House Republicans’ campaign chief Rep. Steve StiversSteven (Steve) Ernst StiversGOP lawmaker adheres to term limit pledge, won't run for reelection Members of Congress not running for reelection in 2022 Republican Mike Carey wins special election for Ohio House seat MORE (R-Ohio) is calling the results of the Pennsylvania special election a "wake-up call" for GOP colleagues who are lagging far behind their Democratic opponents in fundraising.
"This is a wake-up call. If you're getting outraised, this is a wake-up call,” Stivers said Wednesday, according to a source in a closed-door meeting of House Republicans. “Prepare to bear down."
Stivers's stern warning came just hours after Democrats declared victory in a Pennsylvania special election in a district President TrumpDonald TrumpDeputy AG: DOJ investigating fake Trump electors Former Boston Red Sox star David Ortiz elected to Baseball Hall of Fame Overnight Health Care — Senators unveil pandemic prep overhaul MORE carried by nearly 20 points in 2016.
Stivers noted that Democrat Conor Lamb outspent Republican Rick Saccone "5-to-1" in the district leading up to Tuesday's special election, though GOP outside groups also poured millions of dollars into the race.
In the closed-door meeting, Stivers explained that "candidates matter." Stivers detailed that Lamb "ran as an anti-Nancy PelosiNancy PelosiHouse leaders unveil bill to boost chip industry, science competitiveness with China Pelosi says she will run for reelection in 2022 Hoyer says 'significant' version of Build Back Better will pass this year MORE Republican, outspent Republicans, and that the Republican candidate was weak,” according to a GOP lawmaker who attended the meeting.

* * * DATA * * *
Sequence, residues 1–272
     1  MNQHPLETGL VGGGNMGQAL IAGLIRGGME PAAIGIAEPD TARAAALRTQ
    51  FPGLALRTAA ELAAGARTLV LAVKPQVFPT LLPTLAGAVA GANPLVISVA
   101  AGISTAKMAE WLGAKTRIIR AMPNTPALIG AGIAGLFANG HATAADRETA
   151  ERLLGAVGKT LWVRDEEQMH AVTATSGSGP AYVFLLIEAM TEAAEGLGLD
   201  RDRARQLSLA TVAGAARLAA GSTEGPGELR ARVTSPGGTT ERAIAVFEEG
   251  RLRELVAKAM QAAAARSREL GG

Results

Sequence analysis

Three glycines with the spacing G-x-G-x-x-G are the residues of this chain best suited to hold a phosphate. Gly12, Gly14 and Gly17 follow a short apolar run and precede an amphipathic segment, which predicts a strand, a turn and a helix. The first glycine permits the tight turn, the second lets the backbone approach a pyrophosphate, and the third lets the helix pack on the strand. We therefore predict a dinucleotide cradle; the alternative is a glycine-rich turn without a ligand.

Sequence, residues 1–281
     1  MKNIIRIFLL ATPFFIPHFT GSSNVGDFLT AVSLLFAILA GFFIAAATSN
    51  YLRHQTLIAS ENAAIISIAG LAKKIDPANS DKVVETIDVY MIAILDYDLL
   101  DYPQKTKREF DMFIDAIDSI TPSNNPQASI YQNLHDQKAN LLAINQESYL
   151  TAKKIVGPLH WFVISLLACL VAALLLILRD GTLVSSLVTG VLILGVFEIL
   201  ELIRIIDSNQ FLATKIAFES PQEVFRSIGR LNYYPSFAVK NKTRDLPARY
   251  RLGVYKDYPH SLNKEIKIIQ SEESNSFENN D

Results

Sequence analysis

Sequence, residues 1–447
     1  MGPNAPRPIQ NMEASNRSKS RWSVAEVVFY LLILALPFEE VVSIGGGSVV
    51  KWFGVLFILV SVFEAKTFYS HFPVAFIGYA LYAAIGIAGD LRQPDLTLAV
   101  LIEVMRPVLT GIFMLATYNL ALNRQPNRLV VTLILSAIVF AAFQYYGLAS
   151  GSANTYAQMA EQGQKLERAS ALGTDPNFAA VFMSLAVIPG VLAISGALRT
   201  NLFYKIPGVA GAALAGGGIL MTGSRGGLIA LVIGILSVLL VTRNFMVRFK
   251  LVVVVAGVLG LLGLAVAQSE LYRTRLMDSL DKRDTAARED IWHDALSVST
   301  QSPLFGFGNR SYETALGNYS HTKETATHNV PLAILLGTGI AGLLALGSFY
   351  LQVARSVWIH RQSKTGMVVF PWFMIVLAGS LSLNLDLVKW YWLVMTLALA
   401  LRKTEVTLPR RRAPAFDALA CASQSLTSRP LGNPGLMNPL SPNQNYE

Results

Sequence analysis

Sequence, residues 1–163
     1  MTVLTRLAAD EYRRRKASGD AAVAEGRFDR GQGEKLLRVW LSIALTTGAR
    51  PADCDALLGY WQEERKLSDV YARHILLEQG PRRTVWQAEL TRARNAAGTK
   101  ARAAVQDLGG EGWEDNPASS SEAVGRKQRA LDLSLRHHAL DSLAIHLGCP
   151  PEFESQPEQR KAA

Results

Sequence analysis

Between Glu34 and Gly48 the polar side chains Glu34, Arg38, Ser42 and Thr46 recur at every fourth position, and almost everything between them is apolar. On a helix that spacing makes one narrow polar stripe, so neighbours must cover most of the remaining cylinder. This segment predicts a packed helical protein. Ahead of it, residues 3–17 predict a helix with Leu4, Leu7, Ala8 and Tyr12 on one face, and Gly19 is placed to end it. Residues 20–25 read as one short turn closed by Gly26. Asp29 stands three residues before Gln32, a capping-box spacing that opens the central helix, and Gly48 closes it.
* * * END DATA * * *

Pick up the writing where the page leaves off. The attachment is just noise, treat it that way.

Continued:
A third GOP source at the Capitol Hill Club meeting said Stivers urged colleagues to “define” themselves and their Democratic opponents from the start.
“Not many people knew Saccone was an Air Force vet, had written nine books and had a Ph.D. You can’t tell his story like he can,” the GOP source said. “But you need money to do that, and a candidate’s money goes further” than campaign funds from outside groups.
Lamb and Saccone were in a virtual tie early Wednesday morning, with Lamb leading Saccone by more than 600 votes, though Saccone has not conceded and The Associated Press had not called the race.
Democrats have seized on Tuesday's results in the traditionally red district, saying it points to their party's positive prospects in the fall. Democrats need to net 24 seats to take back control of the House.